BENGHAZI, Libya (Reuters) - The leader of Libyan Islamist group Ansar al-Sharia has died of wounds suffered when fighting pro-government troops several months ago, his family and officials said on Friday.
Mohamed al-Zahawi, who founded a brigade of Ansar in Benghazi after helping to oust Muammar Gaddafi in 2011, had been in hospital since he was hurt, members of his family told Reuters.
Fadhl al-Hassi, a Libyan military commander, said Zahawi had died from wounds sustained in an ambush in September. “I saw myself how he got wounded in his car,” he said.
There was no immediate statement from Ansar al-Sharia.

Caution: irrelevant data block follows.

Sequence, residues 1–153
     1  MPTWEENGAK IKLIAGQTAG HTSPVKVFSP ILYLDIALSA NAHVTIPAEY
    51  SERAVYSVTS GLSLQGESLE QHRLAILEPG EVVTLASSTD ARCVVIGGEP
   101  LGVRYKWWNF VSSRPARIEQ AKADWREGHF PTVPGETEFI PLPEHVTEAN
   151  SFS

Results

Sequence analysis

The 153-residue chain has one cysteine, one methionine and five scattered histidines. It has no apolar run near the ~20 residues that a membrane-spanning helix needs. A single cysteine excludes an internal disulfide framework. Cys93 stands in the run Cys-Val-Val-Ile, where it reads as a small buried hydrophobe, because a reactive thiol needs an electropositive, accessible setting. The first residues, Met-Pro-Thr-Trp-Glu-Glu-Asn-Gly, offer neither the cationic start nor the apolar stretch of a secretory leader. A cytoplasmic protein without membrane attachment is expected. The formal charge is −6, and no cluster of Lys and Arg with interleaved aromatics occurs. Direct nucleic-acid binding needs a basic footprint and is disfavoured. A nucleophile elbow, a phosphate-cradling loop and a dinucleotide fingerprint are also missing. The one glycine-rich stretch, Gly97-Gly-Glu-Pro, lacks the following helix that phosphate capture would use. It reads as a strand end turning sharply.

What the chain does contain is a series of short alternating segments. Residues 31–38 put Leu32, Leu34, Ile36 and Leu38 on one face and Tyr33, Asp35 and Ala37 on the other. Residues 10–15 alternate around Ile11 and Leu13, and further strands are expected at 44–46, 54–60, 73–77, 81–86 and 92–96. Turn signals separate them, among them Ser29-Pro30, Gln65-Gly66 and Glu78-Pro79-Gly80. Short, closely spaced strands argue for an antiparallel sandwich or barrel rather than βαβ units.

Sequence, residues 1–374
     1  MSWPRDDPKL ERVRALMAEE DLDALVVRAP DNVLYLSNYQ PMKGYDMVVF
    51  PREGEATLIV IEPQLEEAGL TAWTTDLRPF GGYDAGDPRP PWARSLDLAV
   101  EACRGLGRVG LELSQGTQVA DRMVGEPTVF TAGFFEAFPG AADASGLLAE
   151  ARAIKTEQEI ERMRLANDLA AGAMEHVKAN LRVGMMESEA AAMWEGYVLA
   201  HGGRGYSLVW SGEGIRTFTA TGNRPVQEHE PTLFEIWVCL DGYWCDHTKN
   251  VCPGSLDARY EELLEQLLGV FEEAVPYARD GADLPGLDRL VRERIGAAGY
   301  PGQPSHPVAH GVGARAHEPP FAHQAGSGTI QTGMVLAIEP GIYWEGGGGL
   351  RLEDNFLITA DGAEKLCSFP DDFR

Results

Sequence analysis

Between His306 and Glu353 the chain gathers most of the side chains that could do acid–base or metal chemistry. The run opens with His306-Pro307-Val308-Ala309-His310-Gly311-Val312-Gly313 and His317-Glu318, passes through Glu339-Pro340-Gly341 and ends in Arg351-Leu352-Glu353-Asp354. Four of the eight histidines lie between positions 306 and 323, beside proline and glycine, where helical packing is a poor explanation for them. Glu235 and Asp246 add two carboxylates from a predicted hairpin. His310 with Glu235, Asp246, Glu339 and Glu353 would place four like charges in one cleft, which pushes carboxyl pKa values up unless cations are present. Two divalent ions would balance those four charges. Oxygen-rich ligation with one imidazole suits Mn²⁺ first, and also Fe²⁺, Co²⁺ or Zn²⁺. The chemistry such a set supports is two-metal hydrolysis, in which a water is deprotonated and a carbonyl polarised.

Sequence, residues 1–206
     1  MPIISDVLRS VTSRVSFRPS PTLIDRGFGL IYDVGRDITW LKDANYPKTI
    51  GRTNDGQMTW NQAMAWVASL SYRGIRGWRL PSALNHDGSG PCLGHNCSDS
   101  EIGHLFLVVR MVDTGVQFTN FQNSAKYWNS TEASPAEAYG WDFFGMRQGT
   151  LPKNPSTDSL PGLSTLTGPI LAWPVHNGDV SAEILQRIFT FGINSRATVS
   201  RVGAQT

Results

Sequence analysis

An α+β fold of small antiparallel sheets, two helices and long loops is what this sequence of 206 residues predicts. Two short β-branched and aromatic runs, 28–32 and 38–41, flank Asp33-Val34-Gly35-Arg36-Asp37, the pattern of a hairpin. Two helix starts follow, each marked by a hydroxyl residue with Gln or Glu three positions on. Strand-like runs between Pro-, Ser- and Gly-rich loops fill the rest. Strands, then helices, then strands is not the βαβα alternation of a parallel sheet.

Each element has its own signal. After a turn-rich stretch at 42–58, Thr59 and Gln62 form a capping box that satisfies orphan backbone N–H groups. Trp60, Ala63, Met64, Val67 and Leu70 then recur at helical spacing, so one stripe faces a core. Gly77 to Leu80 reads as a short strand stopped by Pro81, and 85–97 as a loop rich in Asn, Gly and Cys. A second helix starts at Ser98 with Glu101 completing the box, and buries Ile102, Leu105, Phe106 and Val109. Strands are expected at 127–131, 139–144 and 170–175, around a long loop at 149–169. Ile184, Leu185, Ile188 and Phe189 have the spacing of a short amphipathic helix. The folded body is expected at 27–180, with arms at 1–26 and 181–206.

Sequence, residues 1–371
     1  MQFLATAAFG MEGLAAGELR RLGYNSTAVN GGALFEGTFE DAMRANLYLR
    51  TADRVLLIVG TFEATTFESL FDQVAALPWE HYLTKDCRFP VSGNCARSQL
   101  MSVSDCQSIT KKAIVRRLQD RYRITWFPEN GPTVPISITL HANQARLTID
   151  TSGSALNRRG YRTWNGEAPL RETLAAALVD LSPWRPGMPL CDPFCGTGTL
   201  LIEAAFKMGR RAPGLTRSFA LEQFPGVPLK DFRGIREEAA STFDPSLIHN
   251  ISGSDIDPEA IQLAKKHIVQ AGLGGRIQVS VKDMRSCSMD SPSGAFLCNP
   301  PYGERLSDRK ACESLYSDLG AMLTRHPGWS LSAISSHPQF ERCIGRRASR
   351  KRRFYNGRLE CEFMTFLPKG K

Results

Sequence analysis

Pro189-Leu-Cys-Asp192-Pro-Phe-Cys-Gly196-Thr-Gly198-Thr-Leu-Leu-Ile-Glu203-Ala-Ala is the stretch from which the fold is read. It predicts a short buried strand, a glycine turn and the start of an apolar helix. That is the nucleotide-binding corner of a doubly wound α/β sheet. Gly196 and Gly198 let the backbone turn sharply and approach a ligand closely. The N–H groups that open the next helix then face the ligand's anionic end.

There had been speculation for months over Zahawi’s fate, after he disappeared from public view.
The United States blames Ansar al-Sharia for an assault on a diplomatic compound in Benghazi in 2012 which killed the U.S. ambassador and three other Americans.
Former army general Khalifa Haftar declared war on Ansar al-Sharia in May, pushing it out of much of the eastern city.
Fighting is still going on between Haftar’s troops, which have now merged with regular army forces, and Islamist fighters in the port area and other districts of Benghazi.
The struggle is part of a wider conflict between former rebel groups who helped topple Gaddafi and are now competing for control of the major oil producer.
Libya has two rival governments and parliaments. The internationally-recognized Prime Minister Abdullah al-Thinni has been forced to work out of the east since a faction called Libya Dawn seized Tripoli in August.
Reporting by Libya staff; Writing by Ulf Laessing; Editing by Andrew Roche